(2) Regional Urban Agglomeration Network Centrality. Dividing the urban agglomeration network centrality indicators in accordance with their source area, the research gets 3 indicators which reflect the urban agglomeration function and resource in multiple regions. Urban agglomeration self-contained centrality reflects the agglomeration economy in urban agglomeration scale. Urban agglomeration club centrality and urban agglomeration national centrality reflect the function and resource of each urban agglomeration in and beyond urban agglomeration club. The specific formulas are as follows:where is the connection value between city i and city j. , , and , respectively, represent the serial number collections of the cities within urban agglomeration i, the cities outside urban agglomeration i, and nonurban agglomeration.
2.5. Regression Model
To test the effects of network on urban and regional economic productivity, the research used the prevailing Cobb–Douglas production function that has been widely adopted in the empirical literature on economic growth . Following other studies of urban economic performance [30–32], the research used economic output as the dependent variable. For independent variables, capital and labor are the classic variables inherent in the model. Technological innovation, human capital, foreign capital, industrial foundation, infrastructure, and urban living environment had also been successively proved to have important effects on economic growth in subsequent studies . In this study, both the socioeconomic indicators above and network indicators were included in the regression model to test whether the network indicators had unique contributions in addition to the socio-economic indicators.
The mathematical expression of the Cobb–Douglas function is as follows:
A new model can be obtained by logarithmic transformation:where Y represents the economic output variable. GDP is used to reflect the economic output variable. L represents the labor variable. The sum of unit practitioners and urban individual and private employees is used to reflect the labor variable. K represents the capital variable. Total investment in fixed assets is used to reflect the capital variable. H represents the human capital variable. The percentage of people with high school education and above is used to reflect the human capital variable. I represents the institute variable. The proportion of government budget expenditure in GDP is used to reflect the institute variable. T represents the facility variable. Per capita road area is used to reflect the facility variable. P represents the foreign direct investment variable. The proportion of FDI in GDP is used to reflect the foreign direct investment variable. C represents the urban life quality variable. The number of hospital beds per 10,000 people is used to reflect the urban life quality variable. N represents the technological innovation variable. The number of patents granted per million people is used to reflect the technological innovation variable. S represents the industrial structure variable. The ratio of output value of manufacturing and service industries is used to reflect the industrial structure variable. Q represents the city network variable. Multiple network indexes including self-centrality, province centrality, national centrality I (connections with cities outside the province), national centrality II, and urban agglomeration centrality are used as the city network variables.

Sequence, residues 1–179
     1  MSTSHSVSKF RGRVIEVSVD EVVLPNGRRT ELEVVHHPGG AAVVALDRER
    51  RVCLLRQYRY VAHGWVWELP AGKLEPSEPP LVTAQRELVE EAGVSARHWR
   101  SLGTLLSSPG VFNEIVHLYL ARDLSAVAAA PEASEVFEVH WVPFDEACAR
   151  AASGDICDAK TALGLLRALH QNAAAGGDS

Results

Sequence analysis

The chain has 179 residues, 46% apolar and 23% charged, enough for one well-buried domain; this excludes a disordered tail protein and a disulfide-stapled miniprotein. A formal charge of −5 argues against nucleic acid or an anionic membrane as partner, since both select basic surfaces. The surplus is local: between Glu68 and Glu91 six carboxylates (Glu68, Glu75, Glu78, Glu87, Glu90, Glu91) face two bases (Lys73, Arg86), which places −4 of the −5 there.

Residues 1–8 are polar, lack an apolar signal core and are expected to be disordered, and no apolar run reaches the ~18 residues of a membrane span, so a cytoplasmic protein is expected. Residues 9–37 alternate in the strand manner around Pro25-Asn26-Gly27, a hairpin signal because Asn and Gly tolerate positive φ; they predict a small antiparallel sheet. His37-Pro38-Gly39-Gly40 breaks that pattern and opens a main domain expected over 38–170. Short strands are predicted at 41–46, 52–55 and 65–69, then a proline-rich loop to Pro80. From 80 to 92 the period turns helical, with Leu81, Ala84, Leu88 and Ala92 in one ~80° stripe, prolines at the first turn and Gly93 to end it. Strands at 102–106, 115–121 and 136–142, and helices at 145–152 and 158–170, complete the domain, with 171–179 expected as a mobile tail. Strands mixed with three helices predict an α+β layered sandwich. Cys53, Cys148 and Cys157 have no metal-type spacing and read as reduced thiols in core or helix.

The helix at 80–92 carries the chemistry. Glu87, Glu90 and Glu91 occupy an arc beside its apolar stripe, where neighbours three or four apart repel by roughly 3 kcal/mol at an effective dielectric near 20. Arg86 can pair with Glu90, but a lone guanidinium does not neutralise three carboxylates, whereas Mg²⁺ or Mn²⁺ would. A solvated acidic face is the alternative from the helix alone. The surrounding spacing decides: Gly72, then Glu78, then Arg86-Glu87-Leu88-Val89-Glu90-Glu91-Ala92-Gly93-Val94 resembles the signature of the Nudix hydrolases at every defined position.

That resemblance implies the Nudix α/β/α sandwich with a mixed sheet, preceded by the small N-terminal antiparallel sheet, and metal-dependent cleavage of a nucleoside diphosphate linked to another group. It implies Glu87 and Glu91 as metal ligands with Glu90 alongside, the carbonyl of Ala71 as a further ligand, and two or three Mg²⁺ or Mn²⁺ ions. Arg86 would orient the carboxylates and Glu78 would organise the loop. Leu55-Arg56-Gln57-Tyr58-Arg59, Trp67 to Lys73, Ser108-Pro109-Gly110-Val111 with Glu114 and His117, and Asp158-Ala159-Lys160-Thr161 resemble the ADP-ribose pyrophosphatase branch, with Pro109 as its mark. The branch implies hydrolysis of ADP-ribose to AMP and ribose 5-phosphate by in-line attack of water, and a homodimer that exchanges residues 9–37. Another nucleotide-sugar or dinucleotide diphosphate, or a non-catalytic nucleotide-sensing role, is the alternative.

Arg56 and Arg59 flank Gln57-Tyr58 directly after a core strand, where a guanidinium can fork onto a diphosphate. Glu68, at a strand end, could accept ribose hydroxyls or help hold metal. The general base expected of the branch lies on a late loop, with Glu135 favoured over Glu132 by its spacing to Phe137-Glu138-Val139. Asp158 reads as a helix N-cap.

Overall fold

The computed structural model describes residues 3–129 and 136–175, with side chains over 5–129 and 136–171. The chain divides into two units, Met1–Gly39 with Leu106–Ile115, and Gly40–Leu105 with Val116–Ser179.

3. Connection Characteristics of City Network
3.1. Centrality of City Network Analysis
There are 311 cities in the national city network, accounting for 92% of the national administrative units, and such a large network scale reflects that Chinese prefecture-level cities have a high degree of participation in China’s economic system. According to the single-value network (intercity link values were recorded as 1), network density is 0.22, which indicates that the direct connectivity between the different nodes in the network is low and the stability of the network is weak. According to the single-valued network, the network centralization reaches up to 0.78, reflecting that China’s city network is characterized by centrality; that is, the whole city network connection mainly refers to a few central cities. Thus, China’s city network is immature, with poor overall connectivity and stronger centrality.
The distribution of central cities is obviously characterized by political center-based, resource-based coastal agglomeration. Beijing obtains the highest centrality which is 45 times of the average centrality of all cities in the network. Primacy city index (1.38), 4 city index (1.08), and 11 city index (0.93) indicate that Beijing is not only the political capital but also is the first city of China’s economic development. In addition, the top 40 cities (Table 3) contain 4 municipalities and 26 provincial capital cities. Further analyses reveal that the top 60 cities in centrality include the 13 coastal cities and 9 resource-based cities, meaning that China’s city network also is characterized by coastal and resource agglomeration.
3.2. Regional City Network Centrality Analysis
According to the results of the rank-size rule (Table 4), the overall centrality index , the national centrality II , and the provincial centrality degree have a high degree of fit. Q value is close to 1. It means the distribution characteristics are close to the ideal state. The fit degree of the self-contained centrality is slightly lower than others, and the absolute value of q is much larger than 1, which is regarded as the centralized scale distribution characteristic. The above results reveal that the city network system evolution follows the rank-size law. However, the large cities have more advantages in realizing urban self-economic supporting functions than small- and medium-sized cities.